Lift Weights to Prevent Back Pain
Study: Push Sore Muscles for Back Pain Relief
When it comes to pain, a typical first reaction is to lie down on the couch and take it easy for a few hours (or maybe a few days or even weeks). We're conditioned from childhood to react that way. But if you have back pain, rest may not be best. In fact, a new study suggests strengthening your sore back muscles provides more back pain relief.
Before you cringe, consider this: participants in a 2009 study said that lifting weights reduced their back pain and improved their quality of life by as much as 28%.
Researchers from the University of Alberta, led by assistant professor Robert Kell, recently presented the study's findings at the American College of Sports Medicine's annual meeting in Seattle. Participants included 240 men and women who never had back surgery, damaged vertebrae, or nerve root problems. But they all had chronic low back pain caused by soft tissue injuries.
The participants began the 16-week study by lifting small amounts of weight. They gradually lifted more weight as the study went on (a gradual increase helps prevent injury). The aim wasn't to build large muscles, but rather to build strength.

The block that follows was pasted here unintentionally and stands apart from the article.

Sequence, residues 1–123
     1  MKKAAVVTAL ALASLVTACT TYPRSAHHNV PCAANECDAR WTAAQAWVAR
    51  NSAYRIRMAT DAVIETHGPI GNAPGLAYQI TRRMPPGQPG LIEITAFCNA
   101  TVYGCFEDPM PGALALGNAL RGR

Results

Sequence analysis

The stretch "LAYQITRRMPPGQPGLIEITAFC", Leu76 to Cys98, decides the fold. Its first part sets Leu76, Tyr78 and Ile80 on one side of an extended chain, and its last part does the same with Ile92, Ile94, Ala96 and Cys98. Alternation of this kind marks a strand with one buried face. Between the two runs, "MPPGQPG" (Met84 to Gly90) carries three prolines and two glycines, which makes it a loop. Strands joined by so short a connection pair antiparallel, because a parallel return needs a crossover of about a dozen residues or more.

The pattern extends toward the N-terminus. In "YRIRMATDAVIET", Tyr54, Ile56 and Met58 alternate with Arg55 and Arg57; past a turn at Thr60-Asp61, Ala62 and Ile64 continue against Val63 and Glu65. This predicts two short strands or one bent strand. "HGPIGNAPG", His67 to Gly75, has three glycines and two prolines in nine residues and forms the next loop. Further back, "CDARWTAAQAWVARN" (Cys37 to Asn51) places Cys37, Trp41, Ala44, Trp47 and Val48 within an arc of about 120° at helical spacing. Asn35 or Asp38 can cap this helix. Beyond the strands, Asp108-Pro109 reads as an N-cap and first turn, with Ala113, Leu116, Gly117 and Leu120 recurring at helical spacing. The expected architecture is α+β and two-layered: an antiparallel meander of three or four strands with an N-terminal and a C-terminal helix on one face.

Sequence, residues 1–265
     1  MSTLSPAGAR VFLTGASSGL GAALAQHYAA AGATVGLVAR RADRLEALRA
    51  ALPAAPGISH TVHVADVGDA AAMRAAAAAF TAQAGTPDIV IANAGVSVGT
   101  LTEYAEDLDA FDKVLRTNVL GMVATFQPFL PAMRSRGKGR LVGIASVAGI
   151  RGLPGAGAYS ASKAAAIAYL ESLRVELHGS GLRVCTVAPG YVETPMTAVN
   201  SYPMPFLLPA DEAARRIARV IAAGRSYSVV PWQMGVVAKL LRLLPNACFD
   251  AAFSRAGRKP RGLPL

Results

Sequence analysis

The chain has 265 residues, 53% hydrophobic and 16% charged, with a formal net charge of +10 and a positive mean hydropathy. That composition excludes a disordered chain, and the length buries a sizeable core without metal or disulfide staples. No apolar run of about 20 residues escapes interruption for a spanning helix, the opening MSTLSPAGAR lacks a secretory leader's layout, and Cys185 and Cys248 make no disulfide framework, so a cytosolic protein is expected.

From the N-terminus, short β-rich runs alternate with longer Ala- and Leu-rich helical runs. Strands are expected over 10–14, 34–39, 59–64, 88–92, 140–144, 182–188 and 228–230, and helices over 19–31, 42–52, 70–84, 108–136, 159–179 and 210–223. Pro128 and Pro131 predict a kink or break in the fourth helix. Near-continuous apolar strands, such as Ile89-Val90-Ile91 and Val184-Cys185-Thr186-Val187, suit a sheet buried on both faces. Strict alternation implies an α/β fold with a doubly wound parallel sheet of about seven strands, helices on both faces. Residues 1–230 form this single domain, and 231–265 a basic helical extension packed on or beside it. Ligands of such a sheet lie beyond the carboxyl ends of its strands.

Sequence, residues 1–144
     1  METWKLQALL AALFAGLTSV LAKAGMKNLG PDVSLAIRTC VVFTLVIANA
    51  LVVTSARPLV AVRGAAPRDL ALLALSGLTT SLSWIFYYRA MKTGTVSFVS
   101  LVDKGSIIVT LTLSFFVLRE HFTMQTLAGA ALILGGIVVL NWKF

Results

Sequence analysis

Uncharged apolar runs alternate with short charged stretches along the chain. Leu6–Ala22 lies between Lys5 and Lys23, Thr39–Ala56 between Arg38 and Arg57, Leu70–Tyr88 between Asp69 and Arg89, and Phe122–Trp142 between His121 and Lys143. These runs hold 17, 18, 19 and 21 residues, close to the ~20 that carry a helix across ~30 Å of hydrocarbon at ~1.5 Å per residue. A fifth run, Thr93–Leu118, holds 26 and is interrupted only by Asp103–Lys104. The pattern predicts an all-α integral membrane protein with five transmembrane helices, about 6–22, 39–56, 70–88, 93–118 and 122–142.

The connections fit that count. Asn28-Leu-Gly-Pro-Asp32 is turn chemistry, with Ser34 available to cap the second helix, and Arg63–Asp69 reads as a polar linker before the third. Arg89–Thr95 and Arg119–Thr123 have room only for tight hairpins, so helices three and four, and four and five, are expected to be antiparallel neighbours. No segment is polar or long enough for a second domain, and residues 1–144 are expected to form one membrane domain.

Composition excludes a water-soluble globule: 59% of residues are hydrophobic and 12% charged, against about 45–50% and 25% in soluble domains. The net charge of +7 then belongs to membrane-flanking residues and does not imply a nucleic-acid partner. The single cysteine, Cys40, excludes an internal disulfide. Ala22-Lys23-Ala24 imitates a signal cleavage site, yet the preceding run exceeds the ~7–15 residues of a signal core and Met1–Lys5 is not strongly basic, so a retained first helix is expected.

It might not make sense to push your muscles when they already ache. And that's why many people with back pain don't exercise—they think it will worsen their pain. But strong muscles are far less prone to injury than weak ones. Moreover, exercise loosens your joints. If you rest too much, your muscles and joints will become stiff and weak. By increasing your overall strength, you'll be able to complete your daily activities with reduced—or no—pain.
You may be hesitant to begin an exercise program—especially a weight lifting program. But you don't need to train like an Olympian to effectively strengthen your muscles. Start slow, lift light, and lift often.
Naturally, the more you condition your muscles, the stronger they'll become. The researchers suggested starting a strengthening regimen and keeping it—not simply stopping the program once your pain level becomes manageable. Three to five 30-minute sessions per week is a general guideline.
On that same note, the researchers stressed that a three-fold program—one that incorporates chest-toning bench presses, lateral pull downs to strengthen the back, and leg presses—will deliver optimal results. Focusing on only one area (only doing lateral pull downs, for instance) won't fully reduce your pain. You need a strong upper and lower body to best support your back muscles.
Weight training is an excellent way to strengthen your back muscles, but always consult your doctor before starting a new exercise program. He or she may even help you develop a workout regimen, as starting a weight training program for the first time can be daunting. Lifting weights might not completely eliminate your pain, but these recent findings show that it will reduce your pain. For many back pain sufferers, that's reason enough to get off the couch and into the gym.